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Discuss the Iranian Constitutional Revolution's causes and outcomes - Essay Example

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Name Institution Course Date Instructor Iranian Constitutional Revolution’s Causes and Outcomes Introduction In early 1900s, the only way to salvage a country from the York of government corruption and foreign manipulation was for the host country make a written code of law (Sohrabi, 2011:36)…
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Discuss the Iranian Constitutional Revolutions causes and outcomes
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Discuss the Iranian Constitutional Revolution's causes and outcomes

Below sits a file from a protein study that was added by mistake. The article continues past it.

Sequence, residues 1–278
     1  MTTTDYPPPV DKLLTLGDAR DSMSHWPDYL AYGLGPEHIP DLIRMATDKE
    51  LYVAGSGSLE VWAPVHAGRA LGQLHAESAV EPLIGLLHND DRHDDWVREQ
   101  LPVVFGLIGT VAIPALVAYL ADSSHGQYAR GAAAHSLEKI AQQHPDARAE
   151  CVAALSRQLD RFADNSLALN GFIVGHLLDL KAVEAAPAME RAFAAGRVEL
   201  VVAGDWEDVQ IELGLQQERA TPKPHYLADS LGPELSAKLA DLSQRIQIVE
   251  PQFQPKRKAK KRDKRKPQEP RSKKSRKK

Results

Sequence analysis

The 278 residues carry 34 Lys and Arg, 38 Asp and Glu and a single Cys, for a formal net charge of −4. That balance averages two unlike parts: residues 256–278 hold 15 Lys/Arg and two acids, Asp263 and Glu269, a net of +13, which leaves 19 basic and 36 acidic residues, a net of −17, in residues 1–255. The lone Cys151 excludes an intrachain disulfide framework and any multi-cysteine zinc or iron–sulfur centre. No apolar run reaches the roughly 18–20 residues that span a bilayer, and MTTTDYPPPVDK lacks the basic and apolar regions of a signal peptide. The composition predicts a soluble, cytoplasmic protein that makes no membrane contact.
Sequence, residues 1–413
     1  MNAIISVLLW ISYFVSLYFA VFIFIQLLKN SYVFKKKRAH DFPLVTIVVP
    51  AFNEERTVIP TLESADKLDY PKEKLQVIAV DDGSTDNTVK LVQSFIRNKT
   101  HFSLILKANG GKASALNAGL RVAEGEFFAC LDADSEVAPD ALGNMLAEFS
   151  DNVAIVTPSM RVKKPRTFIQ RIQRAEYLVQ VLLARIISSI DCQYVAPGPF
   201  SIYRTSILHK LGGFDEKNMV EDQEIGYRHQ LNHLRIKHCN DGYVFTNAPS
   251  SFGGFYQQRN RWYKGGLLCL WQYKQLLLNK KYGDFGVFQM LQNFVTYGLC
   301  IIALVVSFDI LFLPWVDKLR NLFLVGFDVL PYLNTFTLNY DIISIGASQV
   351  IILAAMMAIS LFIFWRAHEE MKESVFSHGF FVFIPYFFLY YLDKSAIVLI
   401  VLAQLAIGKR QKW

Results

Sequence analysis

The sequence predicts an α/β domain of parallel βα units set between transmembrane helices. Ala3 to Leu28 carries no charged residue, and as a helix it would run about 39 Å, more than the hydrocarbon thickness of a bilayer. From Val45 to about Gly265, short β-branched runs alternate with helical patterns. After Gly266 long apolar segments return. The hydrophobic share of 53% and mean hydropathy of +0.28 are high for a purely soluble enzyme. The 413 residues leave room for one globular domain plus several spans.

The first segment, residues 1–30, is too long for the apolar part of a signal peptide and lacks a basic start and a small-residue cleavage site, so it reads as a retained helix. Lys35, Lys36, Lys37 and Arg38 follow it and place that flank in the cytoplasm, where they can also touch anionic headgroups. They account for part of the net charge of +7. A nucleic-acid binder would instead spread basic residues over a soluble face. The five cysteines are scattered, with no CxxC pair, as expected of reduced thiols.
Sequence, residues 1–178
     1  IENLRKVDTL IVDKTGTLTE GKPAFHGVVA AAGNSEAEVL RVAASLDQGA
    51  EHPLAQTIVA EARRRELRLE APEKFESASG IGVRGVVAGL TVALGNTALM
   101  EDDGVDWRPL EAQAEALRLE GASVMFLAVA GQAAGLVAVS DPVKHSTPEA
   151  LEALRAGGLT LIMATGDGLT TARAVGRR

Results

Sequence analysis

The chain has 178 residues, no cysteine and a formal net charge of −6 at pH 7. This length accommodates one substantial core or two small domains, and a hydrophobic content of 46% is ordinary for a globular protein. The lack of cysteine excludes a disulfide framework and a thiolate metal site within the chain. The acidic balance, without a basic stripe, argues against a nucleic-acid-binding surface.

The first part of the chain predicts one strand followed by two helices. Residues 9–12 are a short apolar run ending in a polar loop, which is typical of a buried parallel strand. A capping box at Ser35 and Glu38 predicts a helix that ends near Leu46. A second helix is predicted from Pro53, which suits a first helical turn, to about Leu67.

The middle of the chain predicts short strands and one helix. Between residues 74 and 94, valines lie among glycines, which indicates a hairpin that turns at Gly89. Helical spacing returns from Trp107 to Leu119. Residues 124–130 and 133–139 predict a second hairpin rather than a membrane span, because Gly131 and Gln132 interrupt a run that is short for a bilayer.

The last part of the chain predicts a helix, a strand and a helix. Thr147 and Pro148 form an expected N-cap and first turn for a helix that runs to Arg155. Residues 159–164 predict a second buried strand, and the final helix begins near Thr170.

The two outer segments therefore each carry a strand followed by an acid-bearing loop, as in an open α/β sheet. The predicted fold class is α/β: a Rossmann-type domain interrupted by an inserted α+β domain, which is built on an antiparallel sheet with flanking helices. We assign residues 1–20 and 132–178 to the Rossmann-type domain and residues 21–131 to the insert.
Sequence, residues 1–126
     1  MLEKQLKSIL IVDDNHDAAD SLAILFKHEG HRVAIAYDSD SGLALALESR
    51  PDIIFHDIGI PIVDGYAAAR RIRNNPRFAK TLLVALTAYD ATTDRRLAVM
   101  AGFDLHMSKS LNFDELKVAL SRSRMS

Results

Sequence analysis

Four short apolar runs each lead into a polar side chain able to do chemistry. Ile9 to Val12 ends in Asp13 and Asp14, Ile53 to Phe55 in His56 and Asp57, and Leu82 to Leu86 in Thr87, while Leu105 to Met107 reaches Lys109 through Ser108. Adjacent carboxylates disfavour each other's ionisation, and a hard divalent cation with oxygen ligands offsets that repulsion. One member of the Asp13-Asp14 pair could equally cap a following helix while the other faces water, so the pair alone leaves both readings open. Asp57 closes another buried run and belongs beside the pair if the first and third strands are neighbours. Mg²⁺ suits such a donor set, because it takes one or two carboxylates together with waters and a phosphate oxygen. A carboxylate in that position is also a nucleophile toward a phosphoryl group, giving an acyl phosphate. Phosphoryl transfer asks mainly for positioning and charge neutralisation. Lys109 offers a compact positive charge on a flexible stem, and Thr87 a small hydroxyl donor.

Download file to see previous pages... The Iranian constitutional Revolution of 1906 stands to highlight the pivotal moment, that shaped the formation of the modern Iraq nation. The Iranian society underwent a series of changes that affected its power relations, social structure, and the political language (Campo, 2009:55). In addition, the relentless European penetration into the nation led to its subsequent weakening, affecting the economy as well as the traditional elites thus bringing Iran in the doorsteps of the expanding capitalism system (Afary, Anderson & Foucault, 2005:90). This processes led the country into a change of the constitution. This research paper will analyze the chronology of events that necessitated Iran’s new constitutional dispensation, first the birth of the revolution, secondly the causes of the constitutional revolution and thirdly the outcomes of the constitutional revolution. The itinerary of the revolution To begin with, the itinerary of Iran’s constitutional birth traces back to the days of Qajar regime (Sohrabi, 2011:48). A journey shed new light to the country. It highlighted the role of ordinary citizens, peasantry, the status of women, and the multifaceted structure of the Iranian society, in the course of realizing the new law reforms. As stated earlier in the introduction, the new changes in the military, administrative, educational, and judicial reforms led to emergency of new institutions and a new social stratum of intellectuals. As this seemed not going to end, the simplification of the Persian prose, which aimed at articulating it to a new system of historical narration no longer basing on Muslim, was on its way to change the existing social norms (Daniel, 2000:54). As a reason to this, the dominant Iranian conversation or discourse changed. This discourse, which was the bonding element between state and religion, led to the emergency of new relations of power and knowledge. People shifted away from the use of possessors of knowledge to being spiritualists (Katouzian, 2006:105). They now referred to the religious elites. At this level, it is clear that the country was operating on two different and opposing blocs. Qajar regime tried to create social reforms in the existing institutions. The regime-faced collisions even from clergies who had became an important component of the power bloc. As a result, with each group having its own resolutions and visions, the end was a conflict of interest. This slowed down the pace of reforms. The lag in the realization of reforms increased the dissatisfaction between the merchants and the intellectuals. Consequently, this brought uneasiness to the Qajar’s. At this stage, the merchants and the intellectuals opposed the government’s slow pace because they believed they possessed more revitalized ideas. All those who were for the reforms and those who formed the pact of not in support, ganged up to discredit the government due to its despotism of the state (Sohrabi, 2011:66). The aftermath of this was the fight that targeted despotism. This brought together even the opposing forces, which prior had diverse antagonistic demands and aspirations. In this emerging discourse, the political space divided into two (Afary, Anderson & Foucault, 2005:114). There was the state on one side and the antagonistic poles on the other (people and the state). On the side of the, opposing force, only one thing unified them, the defense of their creed (defense of the millat). At this time, there was a radical ...Download file to see next pagesRead More
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